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:> Anyone have any good - bad experiences with mini Led flashlights, especially :> regarding durability? Any preferred brands or types? : :Durability isn't the problem with mini LED flashlights. Lack of :intensity is. They're piss poor for about anything, other than :finding door locks in the dark.
Right, for the little ones. If you want an LED flashlight that works as an everyday all-purpose flashlight try the Luxeon flashlights. There's quite a few of those around. I scored a dozen for under $100 at Costco less than a year ago and I am extremely pleased. They use 2 AA's, are bright enough for 98% of the stuff I need a flashlight for. They seem to get maybe 2 hours of usage from a set of batteries, is my impression although I've yet to have any batteries die in mine. I have them all over the house and in both my cars and I never use any of my other flashlights (almost never). I can even use NiMH in them if I have a special long task and not use up my alkalines. It was a closeout at a nearby Costco. You probably won't be so lucky and will have to pay $20 for them, but who knows? The prices are bound to keep dropping.
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(and I edit for space)

I bought a Luxeon flashlight at Targetfor $30 or $29.whatever, and it is a Dorcy brand "1 watt" one, and it takes 3 D-cells.
I did not find any regulation means in this one, so I expect output to continuously "droop" as the batteries get used - although more slowly than incandescent flashlights usually do. And when incandescent flashlights get badly dim from the batteries being depleted, they tend to do so at an accelerating rate. Unregulated LED flashlights, on the other hand, do most of their major weakening (from batteries getting depleted) at a rate that decellerates, as well as is slower from the start than is the case with incandescents. Most of this effect is from LEDs not losing efficiency the way incandescent bulbs do when underpowered.
- Don Klipstein ( snipped-for-privacy@misty.com)
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First, go to:
http://ledmuseum.home.att.net/ledleft.html - what I consider the "main index" page for Craig Johnson's reviews of mostly LED flashlights.
Next, go to Target, which has quite a few.
Third: If you want a lot of light, get one with at least one "1 watt" or at least one "Luxeon" LED or at least 7 more ordinary LEDs, and either at least 3 AA cells or at least 2 C or D cells or a lantern battery.
Of ones that I have found at brick-and-mortar stores, I have had a good liking for Dorcy brand ones.
One older Dorcy model that I like, for extremely good durability and battery life although it is somewhat weak on light output (one ordinary size LED), is a short, stubby yellow one that looks like it should accept one D cell. It actually takes four AA cells. I have seen these in a few hardware stores and at Sears. It is an older model, and if you can find one give the possibility that the included batteries may be past their shelf life.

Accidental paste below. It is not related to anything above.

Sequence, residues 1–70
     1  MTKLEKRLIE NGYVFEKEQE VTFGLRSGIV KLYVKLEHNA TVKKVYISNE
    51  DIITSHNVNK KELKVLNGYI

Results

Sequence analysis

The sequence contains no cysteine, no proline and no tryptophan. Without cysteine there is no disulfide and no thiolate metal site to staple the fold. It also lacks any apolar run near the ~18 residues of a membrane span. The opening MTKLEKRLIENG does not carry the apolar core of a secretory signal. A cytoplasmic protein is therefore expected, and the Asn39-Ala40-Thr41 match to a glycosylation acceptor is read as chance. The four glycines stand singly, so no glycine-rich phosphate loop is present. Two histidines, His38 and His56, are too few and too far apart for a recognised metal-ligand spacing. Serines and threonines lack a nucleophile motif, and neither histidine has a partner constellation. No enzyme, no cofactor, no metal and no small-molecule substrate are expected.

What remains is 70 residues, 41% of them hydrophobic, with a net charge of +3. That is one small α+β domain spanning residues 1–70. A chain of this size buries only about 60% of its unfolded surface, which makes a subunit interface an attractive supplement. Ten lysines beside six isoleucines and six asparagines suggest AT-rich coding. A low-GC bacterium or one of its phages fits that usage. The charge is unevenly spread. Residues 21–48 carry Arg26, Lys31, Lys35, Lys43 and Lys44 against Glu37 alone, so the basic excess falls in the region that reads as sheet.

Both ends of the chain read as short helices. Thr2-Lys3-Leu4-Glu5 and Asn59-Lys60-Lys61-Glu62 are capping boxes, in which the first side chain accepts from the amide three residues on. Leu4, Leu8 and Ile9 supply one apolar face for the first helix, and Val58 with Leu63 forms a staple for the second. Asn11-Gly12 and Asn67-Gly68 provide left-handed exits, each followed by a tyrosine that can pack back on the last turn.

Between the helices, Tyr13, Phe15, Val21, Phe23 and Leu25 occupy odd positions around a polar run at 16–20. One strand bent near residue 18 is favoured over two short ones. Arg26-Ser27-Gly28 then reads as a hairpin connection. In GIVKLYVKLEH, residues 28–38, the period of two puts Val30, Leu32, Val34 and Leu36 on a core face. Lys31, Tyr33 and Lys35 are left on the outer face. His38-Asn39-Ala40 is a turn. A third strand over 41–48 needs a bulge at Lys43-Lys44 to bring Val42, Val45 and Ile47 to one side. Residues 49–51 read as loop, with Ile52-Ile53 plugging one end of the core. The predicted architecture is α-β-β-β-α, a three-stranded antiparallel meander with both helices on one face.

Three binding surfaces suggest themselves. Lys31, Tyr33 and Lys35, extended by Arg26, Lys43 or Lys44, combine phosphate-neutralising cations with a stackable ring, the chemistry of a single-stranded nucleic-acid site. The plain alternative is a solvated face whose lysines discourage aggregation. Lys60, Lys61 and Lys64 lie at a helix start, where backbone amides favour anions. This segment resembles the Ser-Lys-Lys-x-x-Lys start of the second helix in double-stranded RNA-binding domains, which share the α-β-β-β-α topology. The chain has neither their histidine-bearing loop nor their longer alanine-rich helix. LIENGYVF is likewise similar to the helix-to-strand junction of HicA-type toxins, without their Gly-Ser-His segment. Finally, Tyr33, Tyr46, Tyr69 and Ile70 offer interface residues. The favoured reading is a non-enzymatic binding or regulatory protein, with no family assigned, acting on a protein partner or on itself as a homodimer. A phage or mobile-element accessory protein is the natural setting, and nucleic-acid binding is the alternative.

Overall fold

The main advantages of LEDs over incandescent are:
1. LEDs have extremely long life, usually in the thousands of hours.
(100,000 hours I consider to be on the optimistic side - in a good case, white LEDs may have faded to half their "brand new" output after 50,000 hours if well-cooled and not overpowered.)
Incandescent flashlight bulbs usually have rated life around 10-30 hours. This includes variants such as krypton, xenon, and halogen. Life will vary with battery type and condition, and is usually rated with 1.2 to 1.25 volts per cell (for the number of 1.5V cells that the bulb s intended to be used with).
2. LEDs generally don't burn out, but gradually fade.
3. An LED does not have a filament that breaks or bends hopelessly out of shape if you drop the light while it is running.
4. Unlike incandescents and their variants (halogen, krypton, xenon, etc.) LEDs largely do not lose efficiency when the batteries weaken. At half power, LEDs produce about half their full output - and that looks more like about 60%. Incandescents at half power produce much less.
5. Incandescents have less resistance when underpowered, so at half voltage they draw about 70% (sometimes more) of full current (while making about 8-10% of full light) - keeping the pressure on the batteries when the batteries are weakening. Most LED flashlights have greatly reduced current consumption when the batteries weakene enough to reduce light output. The LED flashlights essentially go into "conservation mode" when they go dim.
As a result mostly of 4 and 5 (and to a lesser extent somewhat higher efficiency of good modern white LEDs), LED flashlights have many times longer useful battery life than incandescent ones. If you take a good modern LED flashlight and an incandescent one that take the same batteries and produce the same amount of light and turn them on at the same time and let them run: Usually, by the time the LED one has dimmed to looking like half its full output, the incandescent one will be at best about as dim as an idling cigarette - and more likely will be not visibly glowing. After 2-3 times the time it takes the incandescent flashlight to not be visibly glowing at all, the LED one is usually still bright enough to find your way through the dark with.
- Don Klipstein ( snipped-for-privacy@misty.com)